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3 Myths about protective orders in Texas

The internet is full of misinformation. This is no different when it comes to protective orders. Whether you need help with planning for your safety as a relationship comes to an end or you have been served with an application for a protective order you need sound legal advice.

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Because each situation is different, speaking with an attorney can often save you time and frustration spinning your wheels with Google searches. It is also the only way to avoid mistakes. Here are a couple myths about protective orders (POs).

Abuse must be reported to the police before requesting a PO

This is incorrect. Testimony from the person applying for the PO is generally sufficient. Because those who have experienced family violence or sexual abuse often hide what is happening or may be too afraid to report it, there are rarely witnesses or medical records. You may be able to use texts, social media posts or other evidence, however, if it exists.

For someone who is challenging a PO it may come as a surprise that corroborating evidence is not required. In some situations, defenses may exist if there is any indication that the request was made to gain an upper hand in a family law case.

The court requires physical violence before granting a PO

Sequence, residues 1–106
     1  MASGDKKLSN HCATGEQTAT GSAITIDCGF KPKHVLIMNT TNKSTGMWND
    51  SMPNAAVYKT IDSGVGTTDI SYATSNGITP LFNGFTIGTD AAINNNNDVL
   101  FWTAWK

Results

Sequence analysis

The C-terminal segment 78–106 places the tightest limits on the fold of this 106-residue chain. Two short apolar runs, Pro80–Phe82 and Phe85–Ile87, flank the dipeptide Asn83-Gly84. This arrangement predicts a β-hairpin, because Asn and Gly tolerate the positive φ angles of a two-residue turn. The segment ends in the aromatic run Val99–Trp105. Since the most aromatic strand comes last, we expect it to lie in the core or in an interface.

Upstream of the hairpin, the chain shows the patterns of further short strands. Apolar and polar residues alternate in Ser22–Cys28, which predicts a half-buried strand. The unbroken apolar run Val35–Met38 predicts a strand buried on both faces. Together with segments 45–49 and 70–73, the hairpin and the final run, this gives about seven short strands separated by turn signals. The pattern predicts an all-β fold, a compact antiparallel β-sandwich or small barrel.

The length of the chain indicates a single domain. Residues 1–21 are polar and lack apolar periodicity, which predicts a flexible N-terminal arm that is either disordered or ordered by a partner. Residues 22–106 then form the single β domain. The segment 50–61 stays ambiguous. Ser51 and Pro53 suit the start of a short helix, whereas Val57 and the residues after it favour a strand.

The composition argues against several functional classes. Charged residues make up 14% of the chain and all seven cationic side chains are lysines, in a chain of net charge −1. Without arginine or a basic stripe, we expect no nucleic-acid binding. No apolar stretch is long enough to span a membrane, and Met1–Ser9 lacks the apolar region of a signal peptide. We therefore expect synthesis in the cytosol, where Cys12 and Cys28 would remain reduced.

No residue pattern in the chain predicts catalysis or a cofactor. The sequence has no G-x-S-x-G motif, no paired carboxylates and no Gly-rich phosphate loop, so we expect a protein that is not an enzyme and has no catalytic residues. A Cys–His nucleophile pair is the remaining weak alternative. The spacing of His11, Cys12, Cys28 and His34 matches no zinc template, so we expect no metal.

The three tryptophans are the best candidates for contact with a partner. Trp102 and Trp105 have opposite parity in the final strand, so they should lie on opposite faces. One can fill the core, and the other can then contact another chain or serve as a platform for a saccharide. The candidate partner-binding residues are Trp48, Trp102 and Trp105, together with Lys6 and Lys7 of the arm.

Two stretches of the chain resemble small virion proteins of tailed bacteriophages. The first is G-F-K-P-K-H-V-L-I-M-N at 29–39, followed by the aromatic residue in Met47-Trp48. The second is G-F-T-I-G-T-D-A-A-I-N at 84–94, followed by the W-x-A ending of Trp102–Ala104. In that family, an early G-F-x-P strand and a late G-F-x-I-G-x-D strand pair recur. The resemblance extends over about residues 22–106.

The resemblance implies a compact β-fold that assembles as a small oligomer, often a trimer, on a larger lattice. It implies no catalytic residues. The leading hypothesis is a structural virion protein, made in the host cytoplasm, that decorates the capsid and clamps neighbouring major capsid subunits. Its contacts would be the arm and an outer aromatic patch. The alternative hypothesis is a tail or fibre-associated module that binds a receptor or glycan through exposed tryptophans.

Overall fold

Again, this is not true. Texas statute includes threats that place a victim in "fear of imminent physical harm, bodily injury, assault, or sexual assault."

This can sometimes prevent an escalating situation from becoming violent. What is a sufficient threat to place someone in this level of fear? The facts of each situation are closely reviewed by a judge on a case-by-case basis.

Each judge must decide many cases each day. Because of this, it is important to seek assistance from a skilled attorney, who can present your strongest case whether you are seeking or opposing a PO.

An Affidavit of Non-Prosecution prevents a court from granting a future PO

This is false. If a victim decided not to proceed with a criminal case or participate with prosecutors, it can be considered when later requesting a PO. This fact alone, however, does not prevent someone from asking for protection again in the future.

The issues that lead someone to seek a PO may dovetail with criminal court matters. Because of the interplay between family law and criminal law, speaking with an attorney familiar with both courts and processes can be an advantage.

When threats and/or violence enter a relationship, act quickly to find a solution but also seek strategic counsel before taking the next step.

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